Joomla 5 Alpha - First experiences
Yes, sometimes I'm curious. So, when I read in the Joomla Facebook group that Joomla 5 Alpha1 was out, I decided to give it a try.
I had experienced pretty hard work when updating my websites from Joomla 3 to Joomla 4. Joomla 3 had been out for –too– many years, and Joomla 4 was late. Things became more complicated, because PHP 8 was released as well, forcing webmasters to update Joomla and PHP more or less at the same time. Many templates and other extensions required major modifications to survive the migrations. Quite a number of extension developers gave up. The latter forced webmasters to either give up some functionality or to select other extensions.
The Joomla team had promised that the upgrade to Joomla 5 would be much smoother than the previous one. To test that claim at the earliest possible point in time, I started my testing with J5alpha1. I admit that my tests are by no means comprehensive or representative for all Joomla installations. Instead, I did something that IT people call "monkey testing": Selectively testing features I need for my websites.
I installed the first alpha version on a shared webspace with PHP 8.2 running. This worked without any issues.
Next step was to install two of my favorite extensions: Akeeba Backup and JCE, using the "Install from Web" plugin. Both extensions installed without any issues. I was able to configure them to my needs.
I took a backup using Akeeba Backup and successfully restored with the kickstart.php utility. This was a first real asset! Now I knew that I could back up my site at any time and restore that state in case of a fatal failure, which is unavoidable in such an early alpha state.
My very first days with Joomla 1.0 in late 2007 came into my mind: The first extension I was looking for, was a tool to backup my new website. I ran into JoomlaPack, which later became Akeeba Backup (did anyone ask himself why the extension for the backup files is .JPA?).
Let's come back into 2023! With JCE, I was able to edit a new article just as in J4. Everything perfect? Not quite. Trying to install the Advanced Module Manager and Cache Cleaner, both from Regularlabs, failed.
But my favorite template, Skylar from joomla51.com, installed. I successfully used a function of the template to load a preset from a J4 installation and the corresponding custom.css file. After adding my choice of Google fonts (which I deliver from my own webspace because of GDPR compliance), the site looked as expected.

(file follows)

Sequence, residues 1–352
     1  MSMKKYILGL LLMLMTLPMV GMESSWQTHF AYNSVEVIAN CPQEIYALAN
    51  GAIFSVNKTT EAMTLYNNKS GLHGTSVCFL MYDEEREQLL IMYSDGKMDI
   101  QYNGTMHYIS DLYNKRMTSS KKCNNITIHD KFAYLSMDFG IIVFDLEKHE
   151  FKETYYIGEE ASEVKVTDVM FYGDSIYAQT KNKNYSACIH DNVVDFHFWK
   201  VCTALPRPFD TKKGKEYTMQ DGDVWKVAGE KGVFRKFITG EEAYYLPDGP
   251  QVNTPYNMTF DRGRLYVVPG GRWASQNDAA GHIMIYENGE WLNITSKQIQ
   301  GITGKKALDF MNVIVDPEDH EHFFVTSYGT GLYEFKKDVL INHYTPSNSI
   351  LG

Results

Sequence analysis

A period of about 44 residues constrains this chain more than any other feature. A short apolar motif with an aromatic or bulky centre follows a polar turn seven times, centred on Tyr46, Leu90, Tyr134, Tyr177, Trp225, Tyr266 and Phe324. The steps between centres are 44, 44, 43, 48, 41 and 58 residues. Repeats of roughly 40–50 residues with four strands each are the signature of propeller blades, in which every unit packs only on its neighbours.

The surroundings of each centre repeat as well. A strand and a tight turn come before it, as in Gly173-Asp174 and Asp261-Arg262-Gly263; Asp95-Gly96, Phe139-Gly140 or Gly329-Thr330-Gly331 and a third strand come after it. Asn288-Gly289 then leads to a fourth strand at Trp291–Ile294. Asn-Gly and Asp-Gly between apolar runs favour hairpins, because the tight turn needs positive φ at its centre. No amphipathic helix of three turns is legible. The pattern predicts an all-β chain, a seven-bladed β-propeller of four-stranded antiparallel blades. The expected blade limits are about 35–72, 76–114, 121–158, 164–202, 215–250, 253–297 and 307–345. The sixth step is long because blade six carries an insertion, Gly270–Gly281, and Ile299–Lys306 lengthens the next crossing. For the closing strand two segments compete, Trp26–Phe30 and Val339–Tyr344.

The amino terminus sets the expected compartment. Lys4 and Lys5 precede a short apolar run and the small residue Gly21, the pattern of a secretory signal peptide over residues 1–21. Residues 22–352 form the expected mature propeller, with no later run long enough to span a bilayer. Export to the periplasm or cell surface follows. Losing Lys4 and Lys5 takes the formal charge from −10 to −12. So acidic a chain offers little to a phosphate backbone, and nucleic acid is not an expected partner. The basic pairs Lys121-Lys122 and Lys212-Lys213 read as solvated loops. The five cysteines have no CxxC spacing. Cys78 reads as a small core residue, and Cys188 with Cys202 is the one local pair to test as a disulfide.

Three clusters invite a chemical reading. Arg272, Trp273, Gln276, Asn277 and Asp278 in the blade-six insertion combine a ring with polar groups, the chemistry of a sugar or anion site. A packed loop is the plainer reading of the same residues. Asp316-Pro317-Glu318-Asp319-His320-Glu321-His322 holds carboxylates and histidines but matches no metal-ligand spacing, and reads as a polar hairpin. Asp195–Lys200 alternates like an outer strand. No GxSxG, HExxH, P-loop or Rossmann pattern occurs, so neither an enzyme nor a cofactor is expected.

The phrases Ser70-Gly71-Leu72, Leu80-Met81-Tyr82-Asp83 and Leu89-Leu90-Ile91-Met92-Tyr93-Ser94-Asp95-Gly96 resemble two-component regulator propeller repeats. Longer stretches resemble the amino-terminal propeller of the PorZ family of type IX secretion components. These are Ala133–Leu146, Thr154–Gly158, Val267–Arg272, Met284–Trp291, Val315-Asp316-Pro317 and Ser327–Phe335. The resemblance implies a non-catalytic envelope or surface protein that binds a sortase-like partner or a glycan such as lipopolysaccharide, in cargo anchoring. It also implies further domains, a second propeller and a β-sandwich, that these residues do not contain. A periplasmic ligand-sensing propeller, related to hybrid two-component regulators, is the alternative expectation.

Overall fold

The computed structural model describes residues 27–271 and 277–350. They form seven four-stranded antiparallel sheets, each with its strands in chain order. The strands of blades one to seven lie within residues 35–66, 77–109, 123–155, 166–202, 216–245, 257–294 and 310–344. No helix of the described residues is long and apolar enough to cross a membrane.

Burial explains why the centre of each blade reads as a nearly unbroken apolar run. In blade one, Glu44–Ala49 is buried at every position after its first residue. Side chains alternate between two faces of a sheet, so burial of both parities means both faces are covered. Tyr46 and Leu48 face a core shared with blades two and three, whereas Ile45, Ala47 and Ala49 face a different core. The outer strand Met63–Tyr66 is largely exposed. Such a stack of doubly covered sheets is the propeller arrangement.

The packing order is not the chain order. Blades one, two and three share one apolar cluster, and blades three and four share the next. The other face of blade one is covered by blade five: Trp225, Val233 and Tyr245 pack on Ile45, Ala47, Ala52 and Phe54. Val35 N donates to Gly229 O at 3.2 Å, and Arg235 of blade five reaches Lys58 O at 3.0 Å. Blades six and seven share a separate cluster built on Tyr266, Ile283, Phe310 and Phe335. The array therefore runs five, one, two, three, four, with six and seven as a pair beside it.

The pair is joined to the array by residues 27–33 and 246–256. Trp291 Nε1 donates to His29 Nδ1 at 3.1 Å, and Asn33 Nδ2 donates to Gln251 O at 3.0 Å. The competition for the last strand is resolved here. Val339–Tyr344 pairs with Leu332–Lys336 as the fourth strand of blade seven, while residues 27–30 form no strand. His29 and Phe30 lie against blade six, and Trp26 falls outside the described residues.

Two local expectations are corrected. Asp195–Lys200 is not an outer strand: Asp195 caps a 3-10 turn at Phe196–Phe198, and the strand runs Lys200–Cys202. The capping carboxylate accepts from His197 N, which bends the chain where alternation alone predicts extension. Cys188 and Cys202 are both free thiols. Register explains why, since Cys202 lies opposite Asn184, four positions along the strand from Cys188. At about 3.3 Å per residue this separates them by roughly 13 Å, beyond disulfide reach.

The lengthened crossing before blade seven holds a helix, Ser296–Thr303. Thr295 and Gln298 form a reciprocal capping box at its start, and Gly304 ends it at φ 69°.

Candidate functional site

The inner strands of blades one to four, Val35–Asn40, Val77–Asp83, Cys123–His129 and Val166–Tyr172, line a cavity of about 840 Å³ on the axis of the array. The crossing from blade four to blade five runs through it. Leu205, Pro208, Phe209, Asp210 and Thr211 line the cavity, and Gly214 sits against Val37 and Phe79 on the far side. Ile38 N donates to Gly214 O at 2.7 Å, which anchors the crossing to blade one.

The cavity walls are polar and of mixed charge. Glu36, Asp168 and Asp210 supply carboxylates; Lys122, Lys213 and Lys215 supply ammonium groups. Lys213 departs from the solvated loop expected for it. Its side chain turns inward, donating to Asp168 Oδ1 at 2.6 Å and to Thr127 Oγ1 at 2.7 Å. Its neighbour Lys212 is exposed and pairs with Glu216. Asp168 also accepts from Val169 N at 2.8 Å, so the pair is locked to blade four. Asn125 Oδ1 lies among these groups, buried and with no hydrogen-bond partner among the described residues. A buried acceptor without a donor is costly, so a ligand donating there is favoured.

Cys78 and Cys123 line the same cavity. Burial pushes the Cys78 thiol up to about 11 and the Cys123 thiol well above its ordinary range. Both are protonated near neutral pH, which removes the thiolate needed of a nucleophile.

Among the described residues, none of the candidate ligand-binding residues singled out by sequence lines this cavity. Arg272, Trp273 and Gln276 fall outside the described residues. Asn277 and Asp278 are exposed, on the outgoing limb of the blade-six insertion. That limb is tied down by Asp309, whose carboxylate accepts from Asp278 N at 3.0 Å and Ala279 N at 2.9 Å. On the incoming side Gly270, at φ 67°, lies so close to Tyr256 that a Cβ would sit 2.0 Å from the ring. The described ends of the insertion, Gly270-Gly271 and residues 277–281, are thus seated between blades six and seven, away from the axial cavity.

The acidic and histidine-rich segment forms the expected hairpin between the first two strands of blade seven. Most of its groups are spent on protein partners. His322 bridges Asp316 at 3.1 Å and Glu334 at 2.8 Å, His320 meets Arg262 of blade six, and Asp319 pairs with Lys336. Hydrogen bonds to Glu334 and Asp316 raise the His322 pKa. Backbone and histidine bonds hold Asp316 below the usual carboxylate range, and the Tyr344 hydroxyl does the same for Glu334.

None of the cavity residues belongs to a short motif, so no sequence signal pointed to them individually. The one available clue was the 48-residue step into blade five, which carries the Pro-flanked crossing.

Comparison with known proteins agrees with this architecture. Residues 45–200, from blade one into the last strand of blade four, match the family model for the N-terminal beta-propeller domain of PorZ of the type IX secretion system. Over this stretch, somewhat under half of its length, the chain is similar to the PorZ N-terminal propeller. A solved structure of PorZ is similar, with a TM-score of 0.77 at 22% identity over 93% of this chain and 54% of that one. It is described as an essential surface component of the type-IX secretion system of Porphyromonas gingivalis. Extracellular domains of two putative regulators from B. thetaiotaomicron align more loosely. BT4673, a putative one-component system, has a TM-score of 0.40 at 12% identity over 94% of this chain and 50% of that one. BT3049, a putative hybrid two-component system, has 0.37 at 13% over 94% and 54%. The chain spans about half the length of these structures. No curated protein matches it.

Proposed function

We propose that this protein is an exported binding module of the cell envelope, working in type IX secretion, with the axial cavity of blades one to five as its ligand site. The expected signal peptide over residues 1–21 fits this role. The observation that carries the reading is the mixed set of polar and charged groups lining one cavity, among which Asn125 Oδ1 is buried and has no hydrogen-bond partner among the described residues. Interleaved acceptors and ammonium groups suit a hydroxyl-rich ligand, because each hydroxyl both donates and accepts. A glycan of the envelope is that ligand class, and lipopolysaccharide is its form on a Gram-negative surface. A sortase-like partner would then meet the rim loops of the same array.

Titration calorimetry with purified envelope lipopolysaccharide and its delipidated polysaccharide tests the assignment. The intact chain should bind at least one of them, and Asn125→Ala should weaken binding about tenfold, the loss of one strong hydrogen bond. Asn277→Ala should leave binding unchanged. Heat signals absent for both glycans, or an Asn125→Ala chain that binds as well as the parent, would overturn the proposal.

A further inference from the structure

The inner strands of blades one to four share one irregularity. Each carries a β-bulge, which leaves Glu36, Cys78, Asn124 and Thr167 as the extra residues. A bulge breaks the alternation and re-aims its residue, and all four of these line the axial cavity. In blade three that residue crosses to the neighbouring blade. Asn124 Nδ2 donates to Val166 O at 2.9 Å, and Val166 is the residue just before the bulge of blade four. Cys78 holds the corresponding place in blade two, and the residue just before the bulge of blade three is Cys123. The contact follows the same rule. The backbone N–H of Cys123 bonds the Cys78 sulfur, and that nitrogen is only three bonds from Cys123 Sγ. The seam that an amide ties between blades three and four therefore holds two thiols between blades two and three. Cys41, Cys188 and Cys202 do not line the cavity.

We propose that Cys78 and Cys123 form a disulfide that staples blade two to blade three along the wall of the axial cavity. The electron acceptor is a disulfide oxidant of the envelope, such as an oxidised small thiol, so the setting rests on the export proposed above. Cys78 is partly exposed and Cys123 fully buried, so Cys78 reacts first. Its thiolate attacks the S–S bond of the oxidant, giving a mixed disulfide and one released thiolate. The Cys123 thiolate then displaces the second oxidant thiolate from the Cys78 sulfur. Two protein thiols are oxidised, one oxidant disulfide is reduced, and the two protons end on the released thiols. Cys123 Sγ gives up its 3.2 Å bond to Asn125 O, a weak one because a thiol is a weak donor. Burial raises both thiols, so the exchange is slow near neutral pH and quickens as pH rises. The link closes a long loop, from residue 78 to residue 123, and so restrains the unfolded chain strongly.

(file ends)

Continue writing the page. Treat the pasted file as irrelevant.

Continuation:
Switching between templates, in my case between Cassiopeia and Skylar, usually is a tedious and time-consuming task, because the module positions are hard-coded in the modules table. A little plugin from my fellow German Martina Scholz helped: It allows position aliases. With that, it is possible to map Cassiopeia's module positions to suitable positions in a second template. Thanks, Martina!
In the meantime, Joomla 5 Alpha 2 had been released. The update did not show up in my site, but I was able to run it by manually uploading the ZIP file and use that for the update.
With Joomla 4, I have become a fan of multi-factor authentication. Therefore, I successfully switched on authentication using TOTP verification code. Using WebAuthn failed, but as of today, a patch is available and will most probably be part of the next alpha release.
Installation of another two extensions gave opposite results:
I installed Phoca Maps and the additional plugin. I was able to create an OpenStreetMap with a marker and display the map in an article. Configuring a Google map worked as well, but without providing an API key, the result is frustrating. But nothing to do with Joomla 5!
On most of my sites, I use sigplus to display image galleries. The most recent version of the package installed, but trying to activate the content plugin crashed my site. Good to have a backup!
The preliminary result of my testing is positive, given such a very early alpha state. I'm convinced that we can expect a relatively smooth update to Joomla 5 when it will be released in autumn 2023.
Btw: This article was written with JCE in my J5 alpha installation.
I've been in the IT throughout all my business life, starting with my first programming lessons (does anybody remember FORTRAN?) at Frankfurt University in the summer of 1969. Later I worked for IT companies as well as for a major German bank until I retired. I held a broad variety of job descriptions, including, but not limited to Professional Services, Systems Programming, Sales Support, Marketing, Project Management and Business Analysis.
In spite of my IT background, I was a complete newbie in website creation and maintenance, when I started by first Joomla site for a local non-profit organization –as said above– in late 2007. Slowly I got some experience and developed better knowledge in HTML, CSS and Joomla; PHP and JS have not yet been on my agenda. Although I'm still a hobbyist and don't create websites commercially, I follow German and English Joomla groups on Facebook and Mattermost, where I try to share my experiences with the Joomla community.
In my article above, I mentioned that the gallery extension sigplus crashed my site. We have found out the reason: I tried to install the extension via "Install from Web". I didn't notice that the version offered here was from the stone-age.
Now I tried the most recent version from the developer's site. This works like a charm.